For me, still, every time I think of her, it’s her walking onto the court for the first time in that catsuit, the black Puma catsuit.
Seven-time Grand Slam singles champion and tennis commentator
It wasn’t totally accurately portrayed in the movie “King Richard.”
I first met her when she was 8 years old, when she was brought to the court I was practicing on and then being told by my then-coach, Paul Cohen, and Richard Williams that her and Venus were going to be the two best players in the world. It was like, call me in 10 years, we’ll see what’s happening.
I didn’t walk away in disgust, or refuse to see Serena. That’s all I’m saying. I was there. Saw them. Why would I walk away after being told that I’m going to see two kids, 8 and 9, that are going to be future No. 1s? Like, I refuse to see these kids? For what? Because I’m a hothead? But that’s not correct.
18-time Grand Slam singles champion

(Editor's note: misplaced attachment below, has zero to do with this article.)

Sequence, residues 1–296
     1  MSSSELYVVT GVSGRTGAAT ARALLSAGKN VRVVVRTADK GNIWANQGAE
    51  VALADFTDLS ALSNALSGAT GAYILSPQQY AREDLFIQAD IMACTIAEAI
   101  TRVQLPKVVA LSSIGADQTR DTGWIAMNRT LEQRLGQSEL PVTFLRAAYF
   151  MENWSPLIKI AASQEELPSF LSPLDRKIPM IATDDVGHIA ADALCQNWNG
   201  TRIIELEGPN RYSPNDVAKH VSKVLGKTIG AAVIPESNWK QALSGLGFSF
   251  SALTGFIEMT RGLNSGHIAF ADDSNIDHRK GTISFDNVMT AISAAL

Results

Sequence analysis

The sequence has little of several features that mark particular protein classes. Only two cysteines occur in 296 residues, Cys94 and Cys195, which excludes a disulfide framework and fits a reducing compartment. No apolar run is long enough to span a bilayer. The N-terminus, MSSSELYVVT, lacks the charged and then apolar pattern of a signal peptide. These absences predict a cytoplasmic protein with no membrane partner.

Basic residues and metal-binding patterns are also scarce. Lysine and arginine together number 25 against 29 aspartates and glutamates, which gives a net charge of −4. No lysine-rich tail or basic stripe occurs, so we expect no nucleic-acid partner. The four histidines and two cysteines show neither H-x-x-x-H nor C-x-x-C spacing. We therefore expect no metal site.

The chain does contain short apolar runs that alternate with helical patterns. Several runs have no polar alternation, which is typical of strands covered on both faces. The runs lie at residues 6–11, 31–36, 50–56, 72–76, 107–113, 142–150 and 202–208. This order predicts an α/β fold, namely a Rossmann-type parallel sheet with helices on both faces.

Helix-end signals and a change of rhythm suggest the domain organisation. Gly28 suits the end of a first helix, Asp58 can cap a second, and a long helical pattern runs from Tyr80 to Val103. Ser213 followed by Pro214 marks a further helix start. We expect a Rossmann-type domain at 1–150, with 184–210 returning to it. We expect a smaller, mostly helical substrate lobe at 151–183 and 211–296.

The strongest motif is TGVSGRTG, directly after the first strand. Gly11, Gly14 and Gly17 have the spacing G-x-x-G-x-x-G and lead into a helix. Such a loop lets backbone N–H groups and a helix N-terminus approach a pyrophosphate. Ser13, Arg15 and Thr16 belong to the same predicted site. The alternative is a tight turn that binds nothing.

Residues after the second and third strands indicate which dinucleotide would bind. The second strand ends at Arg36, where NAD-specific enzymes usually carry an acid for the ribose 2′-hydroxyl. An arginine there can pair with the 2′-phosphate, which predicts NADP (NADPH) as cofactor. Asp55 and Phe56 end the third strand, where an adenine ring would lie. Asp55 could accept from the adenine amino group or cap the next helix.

She played in my first celebrity tournament. I had a celebrity event that was the fight against drug abuse and prevention of drug abuse. And she and Venus were living down here in Florida.
The first thing that strikes anybody is the power, the power in their games. The athleticism, the relaxed athleticism that they have and the way they move. Twelve and 13 years old, and they weren’t afraid to go to the net and volley. They had such an advanced game for that age. It was a different kind of a game than any juniors that I had ever seen. And they were very happy. Very happy. They were enjoying the attention, and they were enjoying going out there and playing tennis.
World No. 1 men’s tennis player
I’ve actually never hit with her, but I remember watching her on television as a kid. This was back when Roger Federer and Rafael Nadal were winning everything, and she was just like them. It seemed like she was absolutely crushing everyone she played.
I know she lost matches. Everyone can lose matches, but I remember with Serena you had to watch from the beginning if you wanted to see her because it always seemed like it was 6-2, 6-2 and over in 45 minutes.